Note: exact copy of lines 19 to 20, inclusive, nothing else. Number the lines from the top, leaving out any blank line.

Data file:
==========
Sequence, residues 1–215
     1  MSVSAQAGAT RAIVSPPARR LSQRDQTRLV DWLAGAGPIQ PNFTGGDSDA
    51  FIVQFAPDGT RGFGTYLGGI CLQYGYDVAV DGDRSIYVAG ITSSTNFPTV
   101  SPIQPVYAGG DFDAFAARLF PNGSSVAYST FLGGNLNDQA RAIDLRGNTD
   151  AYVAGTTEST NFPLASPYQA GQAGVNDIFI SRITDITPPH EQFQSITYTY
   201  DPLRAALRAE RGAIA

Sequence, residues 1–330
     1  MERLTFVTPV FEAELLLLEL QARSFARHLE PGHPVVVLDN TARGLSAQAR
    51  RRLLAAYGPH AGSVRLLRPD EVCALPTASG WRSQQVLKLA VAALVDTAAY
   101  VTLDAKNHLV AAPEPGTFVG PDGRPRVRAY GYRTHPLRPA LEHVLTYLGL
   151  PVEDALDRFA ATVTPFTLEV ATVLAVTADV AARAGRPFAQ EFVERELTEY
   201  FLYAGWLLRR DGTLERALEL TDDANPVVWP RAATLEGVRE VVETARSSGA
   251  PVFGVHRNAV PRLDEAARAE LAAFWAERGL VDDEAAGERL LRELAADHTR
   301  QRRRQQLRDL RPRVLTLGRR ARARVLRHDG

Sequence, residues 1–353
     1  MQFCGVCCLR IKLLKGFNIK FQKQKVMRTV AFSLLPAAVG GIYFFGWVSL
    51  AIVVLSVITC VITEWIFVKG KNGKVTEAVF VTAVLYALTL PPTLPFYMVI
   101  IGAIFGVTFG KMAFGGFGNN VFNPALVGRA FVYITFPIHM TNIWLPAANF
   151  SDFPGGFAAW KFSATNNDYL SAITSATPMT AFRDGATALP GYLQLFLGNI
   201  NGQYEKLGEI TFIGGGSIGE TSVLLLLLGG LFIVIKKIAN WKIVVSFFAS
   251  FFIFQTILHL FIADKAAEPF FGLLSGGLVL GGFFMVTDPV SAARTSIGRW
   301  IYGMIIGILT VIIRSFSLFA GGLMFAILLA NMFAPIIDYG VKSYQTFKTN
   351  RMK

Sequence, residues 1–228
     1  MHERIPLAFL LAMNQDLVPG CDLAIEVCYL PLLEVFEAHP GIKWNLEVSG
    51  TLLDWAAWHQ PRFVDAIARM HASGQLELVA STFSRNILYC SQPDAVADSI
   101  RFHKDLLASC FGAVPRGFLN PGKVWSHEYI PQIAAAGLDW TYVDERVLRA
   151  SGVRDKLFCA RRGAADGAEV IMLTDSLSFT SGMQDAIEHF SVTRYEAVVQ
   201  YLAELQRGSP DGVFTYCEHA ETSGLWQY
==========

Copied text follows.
   151  SDFPGGFAAW KFSATNNDYL SAITSATPMT AFRDGATALP GYLQLFLGNI
   201  NGQYEKLGEI TFIGGGSIGE TSVLLLLLGG LFIVIKKIAN WKIVVSFFAS